On tree-canopied streets and blocks in San Antonio’s center, the sounds of old-fashioned ice cream trucks and children playing mingle with the sounds of urban traffic from nearby downtown. This is where residents have begun restoring old homes – and communities.
"We just really wanted to be in Dignowity Hill and fell in love," said Michele Jacob, who is one of those new homeowners. "When we walked in here and I saw these floors, I just thought, 'You can't even find the long-leaf pine.' You know, we have views of the Tower and the Tower Life Building."
"The goal is to really create a vibrant, walkable, livable downtown area," said Tom Kennely of UTSA's Institute of Economic Development, who could be talking about any city in the United States, or even San Antonio.
Located on Hwy. 87 east of San Antonio, La Vernia is a community of about 1,000. UTSA is working with the City of La Vernia to bring people back to the community's downtown area, and the university also offers business development and community development for 79 counties from its San Antonio office.
Panelists: Harley Eagle, Cecila Menjivar, Doris Marie Provine, and David Doerfler. It was moderated by Carolyn Turner. The Panel Discussion is a culmination of all the views and issues presented at the symposium, which focused on the U.S. criminal justice system and, in particular, racism, the "drug war", immigration, and the concept of restorative justice.
Harley Eagle is of Dakota and Anishinabe decent. He is the co-coordinator of Indigenous work for the Mennonite Central Committee Canada, a Restorative justice practitioner, and dismantling racism/oppression trainer. Harley will look to his Dakota traditions and experience in working with Indigenous and diverse communities in both Restorative Justice and dismantling oppression to explore what it might mean to address racial harms using Restorative concepts that embrace a fuller Indigenous worldview.
So far, the redevelopment of Hemisfair has been mostly on paper, but planners are working to pull the park’s future into focus for residents. Officials are hoping holiday events starting on Halloween will bring families back to to the park.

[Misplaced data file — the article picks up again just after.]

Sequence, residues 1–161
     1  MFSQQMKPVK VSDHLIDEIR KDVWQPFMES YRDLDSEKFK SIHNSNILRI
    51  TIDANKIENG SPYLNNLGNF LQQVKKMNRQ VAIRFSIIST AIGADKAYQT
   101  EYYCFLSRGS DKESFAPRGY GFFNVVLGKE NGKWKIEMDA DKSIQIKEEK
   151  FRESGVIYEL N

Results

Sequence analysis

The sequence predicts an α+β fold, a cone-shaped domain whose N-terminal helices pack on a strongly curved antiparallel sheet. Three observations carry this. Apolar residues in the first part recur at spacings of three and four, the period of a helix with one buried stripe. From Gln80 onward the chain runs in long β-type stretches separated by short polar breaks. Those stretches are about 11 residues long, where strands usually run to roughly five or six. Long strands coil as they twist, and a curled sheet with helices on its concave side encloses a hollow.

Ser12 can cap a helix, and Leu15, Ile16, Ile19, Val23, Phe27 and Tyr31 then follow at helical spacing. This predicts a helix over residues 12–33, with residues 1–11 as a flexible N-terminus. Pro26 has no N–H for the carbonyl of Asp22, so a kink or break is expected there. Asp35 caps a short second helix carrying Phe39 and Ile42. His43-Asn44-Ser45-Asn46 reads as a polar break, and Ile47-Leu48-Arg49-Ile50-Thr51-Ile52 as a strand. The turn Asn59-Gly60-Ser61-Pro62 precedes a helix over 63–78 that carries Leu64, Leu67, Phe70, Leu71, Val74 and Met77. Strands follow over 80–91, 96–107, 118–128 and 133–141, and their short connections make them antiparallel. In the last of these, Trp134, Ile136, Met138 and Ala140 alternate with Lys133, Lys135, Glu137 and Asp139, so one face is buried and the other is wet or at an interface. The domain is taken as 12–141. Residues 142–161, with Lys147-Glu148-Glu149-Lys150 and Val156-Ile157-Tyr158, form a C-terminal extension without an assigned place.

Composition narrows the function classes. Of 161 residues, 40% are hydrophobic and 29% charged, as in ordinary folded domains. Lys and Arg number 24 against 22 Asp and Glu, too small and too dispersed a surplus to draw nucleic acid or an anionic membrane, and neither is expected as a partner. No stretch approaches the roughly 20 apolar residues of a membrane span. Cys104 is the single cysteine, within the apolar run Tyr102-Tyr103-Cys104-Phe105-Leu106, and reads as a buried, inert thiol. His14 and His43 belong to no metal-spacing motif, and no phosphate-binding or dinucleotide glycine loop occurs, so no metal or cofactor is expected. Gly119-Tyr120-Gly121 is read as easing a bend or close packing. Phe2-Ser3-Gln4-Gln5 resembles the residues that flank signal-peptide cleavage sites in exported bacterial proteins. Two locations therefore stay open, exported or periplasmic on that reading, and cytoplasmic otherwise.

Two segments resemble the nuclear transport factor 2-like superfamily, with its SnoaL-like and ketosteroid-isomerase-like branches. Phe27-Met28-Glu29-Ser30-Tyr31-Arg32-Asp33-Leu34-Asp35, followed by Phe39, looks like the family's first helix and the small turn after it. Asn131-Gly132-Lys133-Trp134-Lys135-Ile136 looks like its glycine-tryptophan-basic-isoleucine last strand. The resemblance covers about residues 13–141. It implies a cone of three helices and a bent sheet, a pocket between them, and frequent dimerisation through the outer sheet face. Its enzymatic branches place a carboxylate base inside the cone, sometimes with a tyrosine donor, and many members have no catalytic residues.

The terraced seating being built on the old volleyball courts at Lockwood Park is in prime position for pushcart viewing and will be the centerpiece for fireworks watching and other community gatherings in the future for the Dignowity neighborhood.
Texas Public Radio presents the official unveiling of this winning design in the Lighter! Quicker! Cheaper! initiative in partnership with the City of San Antonio, the Project for Public Spaces and the AIA San Antonio.
Post Traumatic Stress Disorder can affect kids as well as adults, and often occurs in children who have been abused or neglected; the San Antonio Children's Shelter is co-hosting a special town hall conference on Childhood PTSD and Depression this week.
Phase two of a $29.4 million mixed-income housing development will be constructed on the East Side off I-35 and Walters, near Woodard Park.
The money, coming from the City of San Antonio, the federal government's Department of Housing and Urban Development and the San Antonio Housing Authority, will build 208 units in total: 49 public housing units, 113 affordable units, and 46 market rate units.
A record number of people flooded Broadway on Sunday for the city’s third Síclovía despite the coldest weather in months.
In its third incarnation, Síclovía attracted more than 45,000 people to play in the streets. At the opening ceremony in front of the Alamo, San Antonio Mayor Julián Castro said initiatives like Síclovía provide more opportunities for physical activity.